Teruya exclaimed to himself as the wagon rolled to the bottom of the mountain cliff, crashed onto a rocky bed of a dry river, and fell apart.

“With this, the track is finally open, sir. We should be departing soon.”

“A ruthless solution, that,” replied Teruya.

“Nothing out of ordinary. The Imperial law states that carriages blockading a highway should be promptly removed.

“…Ah, so that’s how it is.”

Apart from that one accident, there were no other major problems on the way, and they arrived at the Empire’s gateway town, Martini.

“We’ve arrived, haven’t we?”

“We have. This is the Imperial Station of Martini, the gateway to Reignia.”

A huge railway yard lay ahead of them.

“Does the railway end here?”

“Not at all, sir, it carries on all the way to the coast. From there, further tracks extend to the Imperial capital itself.”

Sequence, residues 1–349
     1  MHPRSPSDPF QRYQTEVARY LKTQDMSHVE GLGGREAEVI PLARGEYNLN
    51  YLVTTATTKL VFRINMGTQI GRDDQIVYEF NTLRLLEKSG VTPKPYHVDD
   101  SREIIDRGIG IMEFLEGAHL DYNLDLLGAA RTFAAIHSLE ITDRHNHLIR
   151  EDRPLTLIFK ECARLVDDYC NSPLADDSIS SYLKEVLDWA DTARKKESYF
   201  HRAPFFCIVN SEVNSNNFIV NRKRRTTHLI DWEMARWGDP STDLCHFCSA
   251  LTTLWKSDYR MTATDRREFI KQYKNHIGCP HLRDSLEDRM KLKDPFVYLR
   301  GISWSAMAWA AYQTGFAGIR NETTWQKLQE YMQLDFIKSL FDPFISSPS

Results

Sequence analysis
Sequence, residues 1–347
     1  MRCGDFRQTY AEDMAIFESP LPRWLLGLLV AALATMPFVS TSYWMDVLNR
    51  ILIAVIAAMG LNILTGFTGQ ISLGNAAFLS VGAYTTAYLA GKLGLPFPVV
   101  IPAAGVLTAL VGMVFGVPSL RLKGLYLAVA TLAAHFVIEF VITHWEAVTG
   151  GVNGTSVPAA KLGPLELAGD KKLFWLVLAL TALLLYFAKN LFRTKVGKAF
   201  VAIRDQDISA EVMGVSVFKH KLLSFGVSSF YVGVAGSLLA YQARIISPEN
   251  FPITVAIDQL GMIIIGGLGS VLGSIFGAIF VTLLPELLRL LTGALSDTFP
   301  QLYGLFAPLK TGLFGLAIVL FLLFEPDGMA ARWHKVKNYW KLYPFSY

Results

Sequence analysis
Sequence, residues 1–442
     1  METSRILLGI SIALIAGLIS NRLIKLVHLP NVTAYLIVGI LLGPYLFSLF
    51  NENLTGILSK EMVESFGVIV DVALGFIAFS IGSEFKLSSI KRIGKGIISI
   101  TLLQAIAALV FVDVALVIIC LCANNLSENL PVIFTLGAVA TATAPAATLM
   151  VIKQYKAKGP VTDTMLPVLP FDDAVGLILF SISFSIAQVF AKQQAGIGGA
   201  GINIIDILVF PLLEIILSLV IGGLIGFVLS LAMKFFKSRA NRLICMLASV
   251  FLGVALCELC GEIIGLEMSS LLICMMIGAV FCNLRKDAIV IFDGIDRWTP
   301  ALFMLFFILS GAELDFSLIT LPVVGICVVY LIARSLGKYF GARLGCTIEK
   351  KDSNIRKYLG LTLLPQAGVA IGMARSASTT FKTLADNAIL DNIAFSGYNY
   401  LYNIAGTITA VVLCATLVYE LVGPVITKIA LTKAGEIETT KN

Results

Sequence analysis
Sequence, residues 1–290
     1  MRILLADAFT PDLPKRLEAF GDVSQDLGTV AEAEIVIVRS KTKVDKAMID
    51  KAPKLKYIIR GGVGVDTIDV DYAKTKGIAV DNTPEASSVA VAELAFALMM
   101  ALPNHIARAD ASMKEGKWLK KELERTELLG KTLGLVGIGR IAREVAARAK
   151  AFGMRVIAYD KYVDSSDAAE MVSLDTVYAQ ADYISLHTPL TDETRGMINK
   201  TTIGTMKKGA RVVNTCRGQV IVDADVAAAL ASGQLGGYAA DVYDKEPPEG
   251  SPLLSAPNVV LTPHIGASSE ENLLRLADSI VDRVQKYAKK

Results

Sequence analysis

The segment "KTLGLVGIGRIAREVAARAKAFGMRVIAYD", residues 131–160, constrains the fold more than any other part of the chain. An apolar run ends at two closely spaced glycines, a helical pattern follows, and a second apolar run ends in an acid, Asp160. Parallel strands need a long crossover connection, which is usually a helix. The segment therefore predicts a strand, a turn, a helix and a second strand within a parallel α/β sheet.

“I understand everything perfectly now. Let’s return home.”

“So soon?”

“I wanted to pry into things some more, but I have other matters to investigate as well. So I need to return.”

“That is impossible.”


“There are no departures scheduled for today. Only the trains leaving in the direction of the Empire can run today.”

“And there is a rule about that as well, I guess?”

“Indeed. The Alps are so steep that a way station cannot be built midway, thus the trains also operate every other day here.”

“…I understand. I hoped a train would be leaving before noon.”

“Let us make our way back here after spending the night in town.”


A scenic mountain rail line in Japan that traverses the Fuji-Hakone-Izu National Park.

A railroad line in Japan that traverses that traverses the mountainous region of Gunma all the way to Nagano.

It simply means parts per thousand.
In railroads, it is used to express the angle of incline of tracks, which the formula is (elevation/distance)*1000.

Was already explained by the chapter, but just to reiterate, the flange climb derailment happens when the lateral force acting on the carriage is greater than its weight and wheel profile can compensate for.